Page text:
Striking Workers look
To Stop Firm's Hiring

Daily Hampshire Gazette

By Robert O'Malley

Striking employees of the Kellogg Brush manufacturing Co. went to court and to the board of selectmen yesterday in an attempt to stop company officials from hiring new employees while the strike is in progress.

Julie C. Kellogg, president of United Rubber Workers Local 1051 - which represents the striking workers - had an application for a complaint filed in Hampshire District Court in Northampton yesterday. The complaint charges that company owners Herbert G. Futter and T. Mark Futter violated state law in "soliciting persons during a strike" through a Help Wanted advertisement in the Daily Hampshire Gazette.

The complaint application, which was filed by the union's attorney, Thomas Lesser, charges each of the owners with four counts of violating state law in ads that appeared in the Gazette Oct. 17 and Oct. 19-21. A hearing on the matter will be held in the court clerk's office on Wednesday.

Lesser said today that under the state law, the Help Wanted ad must use the same-sized type to note that a company's employees are on strike as is used in noting the type of position being offered. That was not the case in the ads that appeared in the Gazette.

Other complaints to be filed

Lesser said that complaint applications will be filed today against the owners in regard to advertisements placed in other area newspapers as well.

Officials of the company were not available for comment about the dispute.

In a related development, about 30 of the roughly 240 striking Kellogg employees met with Easthampton selectmen last night and proposed a special warrant article for the next special or annual Town Meeting.

The proposed citizen's article would prohibit - among other things - the hiring by Easthampton businesses of new employees during a strike.

The article, which was accepted for the warrant by selectmen last night, has three sections.

The first section would prohibit "all industries, corporations and businesses" in Easthampton from "making employment available to people for the purpose of strikebreaking" when the businesses or industries are involved in a labor dispute or strike.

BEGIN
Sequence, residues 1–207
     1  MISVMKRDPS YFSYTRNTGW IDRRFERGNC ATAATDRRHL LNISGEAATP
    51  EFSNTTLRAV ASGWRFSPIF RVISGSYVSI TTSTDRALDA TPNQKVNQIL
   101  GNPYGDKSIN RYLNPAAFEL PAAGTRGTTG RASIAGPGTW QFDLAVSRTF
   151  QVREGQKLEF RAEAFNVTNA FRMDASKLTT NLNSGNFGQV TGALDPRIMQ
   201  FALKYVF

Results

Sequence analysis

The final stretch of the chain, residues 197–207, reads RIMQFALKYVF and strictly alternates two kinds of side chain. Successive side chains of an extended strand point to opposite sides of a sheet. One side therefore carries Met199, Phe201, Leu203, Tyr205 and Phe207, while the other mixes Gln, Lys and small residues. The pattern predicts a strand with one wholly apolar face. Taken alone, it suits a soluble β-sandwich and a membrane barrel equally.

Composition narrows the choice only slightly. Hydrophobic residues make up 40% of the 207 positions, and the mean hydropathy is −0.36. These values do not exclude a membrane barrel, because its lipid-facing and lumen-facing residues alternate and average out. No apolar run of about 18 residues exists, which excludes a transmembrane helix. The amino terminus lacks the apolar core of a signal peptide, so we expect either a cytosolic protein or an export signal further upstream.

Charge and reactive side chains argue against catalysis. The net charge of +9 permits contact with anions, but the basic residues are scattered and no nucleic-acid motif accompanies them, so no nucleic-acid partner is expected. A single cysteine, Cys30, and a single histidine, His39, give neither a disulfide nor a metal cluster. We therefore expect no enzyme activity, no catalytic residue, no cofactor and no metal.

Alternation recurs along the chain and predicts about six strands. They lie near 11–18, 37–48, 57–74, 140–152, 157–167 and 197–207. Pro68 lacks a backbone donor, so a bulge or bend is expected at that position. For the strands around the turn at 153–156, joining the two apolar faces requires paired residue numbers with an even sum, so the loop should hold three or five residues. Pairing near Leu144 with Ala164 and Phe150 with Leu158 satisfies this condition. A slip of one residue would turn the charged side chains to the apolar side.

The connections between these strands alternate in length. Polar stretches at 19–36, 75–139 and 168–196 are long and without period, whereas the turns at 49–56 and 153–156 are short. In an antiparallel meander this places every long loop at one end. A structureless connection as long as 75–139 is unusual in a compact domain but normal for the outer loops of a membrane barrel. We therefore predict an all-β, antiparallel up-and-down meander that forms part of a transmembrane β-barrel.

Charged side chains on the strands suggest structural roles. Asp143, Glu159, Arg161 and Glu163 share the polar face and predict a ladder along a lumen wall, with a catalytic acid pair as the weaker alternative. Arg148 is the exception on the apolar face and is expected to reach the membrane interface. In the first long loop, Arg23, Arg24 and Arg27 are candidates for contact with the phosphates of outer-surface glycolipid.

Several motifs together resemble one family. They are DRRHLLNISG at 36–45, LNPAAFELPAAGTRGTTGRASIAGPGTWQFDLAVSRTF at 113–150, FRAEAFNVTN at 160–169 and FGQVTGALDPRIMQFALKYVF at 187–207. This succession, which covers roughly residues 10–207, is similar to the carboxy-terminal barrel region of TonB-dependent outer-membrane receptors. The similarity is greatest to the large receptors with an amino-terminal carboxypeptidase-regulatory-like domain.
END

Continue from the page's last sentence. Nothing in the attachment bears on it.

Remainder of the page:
The second section would prohibit town employees from taking employment with any business, industry or corporation in town while the firms are involved in a labor dispute or strike.

The third section would prohibit all employees of the Town of Easthampton, "including policemen and firemen, from accepting full-time or part-time employment" with the Kellogg Brush Manufacturing Co. while the company is involved in a labor dispute or strike.

Needs voter approval

Selectmen Chairman Fletcher Smith Jr. told the employees - who have been on strike for a week - that the "board cannot enforce an ordinance of that kind unless it goes to a Town Meeting."

Selectmen, however, said the petition containing the signatures of 18 registered Easthampton voters would be placed on the warrant of the next special or annual Town Meeting pending certification of the signatures by the registrar.

The striking workers also asked selectmen if the town's tax money is being used to pay Easthampton police officers at the picket lines daily. Workers also complained that the police allegedly have been using unnecessary force against picketers.

Smith told the workers that no tax money is used to pay police to supervise the picket lines. Smith said the company pays the town through a special fund for the use of the police. Officers are paid from that fund for duty at the site.

Police Chief Robert J. Allen said all off-duty officers working on the picket lines are paid by the company, adding that the only time regular officers are used is if there is serious trouble on the picket line.

A number of employees charge that police officers at the picket site have at times used unnecessary force and strong language, particularly when moving strikers away from a truck and a company van entering or leaving driveways in front of the Pleasant Street plant.

Another worker alleged that the driver of a company van passing through a driveway "gunned the van" when workers were still in the driveway. One worker also claimed that a van carrying "scab workers" had almost hit another worker and that police were pushing picketers away. "If this isn't stopped, we're going to have a riot down there," one worker warned.

Smith, however, told workers that the police are acting "in a neutral preserve law and order."

When selectmen later asked Allen about the striking workers' charges, he said police officers have "shown a great deal of patience with the people there." Allen said that new employees " have a perfect right" to walk past the picket line, adding that both the striking workers and the company have rights.

Allen today declined to comment on a report that there had been a bomb threat at the company yesterday. Company officials also declined comment on the report.

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